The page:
When China's new leadership met at the Central Economic Work Conference in mid-December, it set the tone for economic policies for the year ahead. The key tasks include efforts to boost consumer spending, expand public spending on infrastructure projects, promote urbanisation and increase its quality.
Beijing is initiating a change in its growth model, but this transition is unlikely to be abrupt and singular. That approach was tested and discredited in post-Soviet Russia in the 1990s, where it caused a drastic collapse in growth and substantial instability.
The current debate on China's growth model lacks realism. In China, the transition is likely to be gradual and dualistic - that is, requiring both consumption and investment.
Considering the mainland's continental-sized economy, any substantial change in its growth model will require time. Moreover, just as consumption is vital in the more prosperous first- and second-tier cities in coastal regions, investment is critical in third- and fourth-tier cities and rural regions.
No nation in history has been able to change its growth model overnight.
It was textile manufacturing in Manchester that unleashed the first industrial revolution. As the British city evolved into the world's first and largest industrial marketplace for cotton in the early 19th century, it was dubbed "Cottonopolis".
However, Manchester was not Britain as a whole. Nor was Britain synonymous with continental Europe - the Netherlands, Germany and France - where the industrial revolution was ignited later.
Moreover, continental Europe was not Europe as a whole. It took a century and more for industrialisation to spread from the first-tier European metropolises to the central and eastern margins of the region.
After the second world war, Romania experienced rapid industrialisation in an attempt to create a "multilaterally developed socialist society", until it was burdened by piles of growing foreign debt in the 1970s. Before the recession of 2008-09, Romania's growth was among the fastest in Europe - not least because it was still catching up with the rest of Europe.
In brief, the spread of industrial revolution from Manchester to the remotest corners of Romania did not happen overnight. Nor has it happened in a singular manner across Europe. Rather, industrialisation spread from the core to the fringes over time - over a long time.
After initial efforts, China's industrialisation fully took off only with the reforms and opening-up policies in the 1980s, which drove investment-led growth. This model was further augmented in 2001, when Beijing joined the World Trade Organisation, which accelerated export-led growth dramatically.
In Europe, the full spread of industrial revolution has taken over two centuries. In China, it has been effective for only three decades. Moreover, there is a huge difference of scale. In the 1820s, when the British industrial revolution was in full swing, the total population of Europe was barely 133 million. In the mid-1980s, China's population amounted to more than 1 billion.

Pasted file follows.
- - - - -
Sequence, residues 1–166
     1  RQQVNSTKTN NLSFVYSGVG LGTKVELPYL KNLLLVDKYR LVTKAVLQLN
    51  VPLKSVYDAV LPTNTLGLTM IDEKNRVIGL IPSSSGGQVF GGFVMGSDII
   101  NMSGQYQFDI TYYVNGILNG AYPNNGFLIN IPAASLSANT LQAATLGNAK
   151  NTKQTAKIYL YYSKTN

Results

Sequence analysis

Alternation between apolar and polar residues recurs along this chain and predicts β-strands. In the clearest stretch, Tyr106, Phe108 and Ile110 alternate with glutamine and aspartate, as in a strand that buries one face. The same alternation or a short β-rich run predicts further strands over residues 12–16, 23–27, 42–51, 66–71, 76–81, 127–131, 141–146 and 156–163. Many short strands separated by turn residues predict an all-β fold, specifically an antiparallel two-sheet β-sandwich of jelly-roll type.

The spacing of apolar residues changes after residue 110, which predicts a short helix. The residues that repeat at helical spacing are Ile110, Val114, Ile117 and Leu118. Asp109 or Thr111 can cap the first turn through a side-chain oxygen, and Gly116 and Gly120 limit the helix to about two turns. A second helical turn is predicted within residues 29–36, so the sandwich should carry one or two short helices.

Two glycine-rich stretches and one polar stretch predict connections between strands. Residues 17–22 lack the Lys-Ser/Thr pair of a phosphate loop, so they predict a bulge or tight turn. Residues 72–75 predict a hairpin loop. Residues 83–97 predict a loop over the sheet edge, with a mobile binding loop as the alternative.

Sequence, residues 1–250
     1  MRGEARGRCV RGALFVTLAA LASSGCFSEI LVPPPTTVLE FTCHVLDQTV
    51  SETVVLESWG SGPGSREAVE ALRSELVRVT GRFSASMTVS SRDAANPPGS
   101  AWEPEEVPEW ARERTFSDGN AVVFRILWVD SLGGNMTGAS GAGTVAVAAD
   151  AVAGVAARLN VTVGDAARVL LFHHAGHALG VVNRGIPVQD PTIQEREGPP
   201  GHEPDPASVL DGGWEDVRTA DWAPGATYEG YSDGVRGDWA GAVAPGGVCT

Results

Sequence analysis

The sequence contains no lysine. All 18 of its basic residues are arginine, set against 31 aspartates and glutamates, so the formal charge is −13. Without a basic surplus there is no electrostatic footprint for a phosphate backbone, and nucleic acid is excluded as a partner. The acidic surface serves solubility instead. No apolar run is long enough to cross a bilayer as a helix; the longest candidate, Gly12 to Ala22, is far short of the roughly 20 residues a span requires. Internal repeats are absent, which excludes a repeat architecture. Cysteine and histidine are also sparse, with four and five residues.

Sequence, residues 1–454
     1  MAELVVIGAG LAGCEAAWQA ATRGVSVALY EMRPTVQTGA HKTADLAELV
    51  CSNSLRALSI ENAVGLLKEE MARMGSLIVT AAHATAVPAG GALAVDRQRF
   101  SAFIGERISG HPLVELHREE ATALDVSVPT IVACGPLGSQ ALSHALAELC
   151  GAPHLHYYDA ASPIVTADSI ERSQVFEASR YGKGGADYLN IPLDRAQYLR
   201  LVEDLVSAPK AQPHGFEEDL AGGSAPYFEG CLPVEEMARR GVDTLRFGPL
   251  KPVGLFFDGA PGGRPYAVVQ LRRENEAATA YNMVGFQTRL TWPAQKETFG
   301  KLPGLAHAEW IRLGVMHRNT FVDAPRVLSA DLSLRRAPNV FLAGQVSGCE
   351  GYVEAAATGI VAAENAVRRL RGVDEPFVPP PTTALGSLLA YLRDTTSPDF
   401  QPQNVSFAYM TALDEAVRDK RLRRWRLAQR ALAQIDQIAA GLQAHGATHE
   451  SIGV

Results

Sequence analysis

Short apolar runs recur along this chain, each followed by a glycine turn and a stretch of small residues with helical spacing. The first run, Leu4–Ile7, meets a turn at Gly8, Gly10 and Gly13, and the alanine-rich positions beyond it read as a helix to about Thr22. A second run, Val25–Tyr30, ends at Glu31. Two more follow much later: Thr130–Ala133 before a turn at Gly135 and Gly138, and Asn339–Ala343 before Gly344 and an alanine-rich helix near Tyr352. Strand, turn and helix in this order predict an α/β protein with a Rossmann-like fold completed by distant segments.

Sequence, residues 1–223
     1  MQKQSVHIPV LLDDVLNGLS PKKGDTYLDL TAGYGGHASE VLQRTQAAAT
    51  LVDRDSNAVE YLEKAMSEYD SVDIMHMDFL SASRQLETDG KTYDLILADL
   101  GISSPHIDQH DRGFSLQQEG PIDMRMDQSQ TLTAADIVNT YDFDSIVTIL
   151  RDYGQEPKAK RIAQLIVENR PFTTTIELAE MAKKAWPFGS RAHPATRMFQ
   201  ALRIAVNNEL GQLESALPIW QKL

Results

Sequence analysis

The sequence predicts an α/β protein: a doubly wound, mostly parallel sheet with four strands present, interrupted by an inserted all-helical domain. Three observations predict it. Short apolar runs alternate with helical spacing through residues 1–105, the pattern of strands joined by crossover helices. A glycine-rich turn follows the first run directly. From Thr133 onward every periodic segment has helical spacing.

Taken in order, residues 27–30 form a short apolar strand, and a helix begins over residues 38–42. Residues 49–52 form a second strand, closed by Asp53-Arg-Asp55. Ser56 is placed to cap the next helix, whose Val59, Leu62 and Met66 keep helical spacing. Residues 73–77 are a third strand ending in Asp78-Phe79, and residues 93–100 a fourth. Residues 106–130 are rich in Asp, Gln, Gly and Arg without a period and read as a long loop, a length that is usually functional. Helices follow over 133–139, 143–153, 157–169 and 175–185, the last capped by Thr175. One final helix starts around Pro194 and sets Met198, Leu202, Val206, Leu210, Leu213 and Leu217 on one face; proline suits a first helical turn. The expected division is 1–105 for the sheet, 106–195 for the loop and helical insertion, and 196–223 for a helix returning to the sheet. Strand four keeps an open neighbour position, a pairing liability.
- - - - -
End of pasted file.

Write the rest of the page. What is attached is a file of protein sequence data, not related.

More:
What about the shift towards consumption that is today considered an urgent imperative? Let's return to the European parallel.
In the mid-19th century, Manchester did begin a gradual move towards consumption, but this was still an exception rather than the rule in the European context. Meanwhile, continental Europe, which was now coping with the dramatic changes of industrialisation, struggled with revolutionary violence, which led to the "Springtime of the Peoples" in 1848. Much of Eastern Europe was still agricultural backwaters, and Romania was dreaming of independence from the Ottoman Empire.
Certainly, it is true that, today, industrialisation can proceed much faster than two centuries ago. Nonetheless, growth models do not change overnight.
In the coming years, China has only one model - reforms - but it must be enforced in a colossal nation in which growth has been "unsteady, unbalanced, unco-ordinated and unsustainable", as Wen Jiabao said in 2007.
Starting in the 1980s, China's reform and opening up were initiated by the creation of the coastal special economic zones, most of which were in Guangdong, close to Hong Kong and Macau. Soon, the reform extended from cities such as Shenzhen and Guangzhou to other primary cities, from Beijing to Shanghai. Over the next two decades, the economic ripple initiated by the success of these megacities washed into new generations of Chinese cities.
As elsewhere, the development has not been balanced across the country. Living standards are often measured by gross domestic product per capita. In China, the difference between the wealthiest and poorest provinces is almost tenfold.
Today, US GDP per capita exceeds US$48,000, whereas that of Thailand is about US$4,900. Just as we would not advocate using similar growth models in America and Thailand, one growth model is not appropriate for many Chinas. Growth models that work in the more advanced coastal regions are not appropriate in China's poorer and less industrialised inland and west.
Different Chinese regions require different growth models. Enforcing such models requires economic reforms, which, in turn, are bound to challenge entrenched interests - as has been the case from Britain and continental Europe to India, Brazil and Russia.
While gradual transition can be accelerated, it cannot be forced. In China, a successful growth model must be tailored for regional differences.
That, in turn, translates to transition towards consumption in advanced regions and efficient investment in developing regions.
Dr Dan Steinbock is research director of international business at the India, China and America Institute (US), and a visiting fellow at the Shanghai Institutes for International Studies and at the EU Centre in Singapore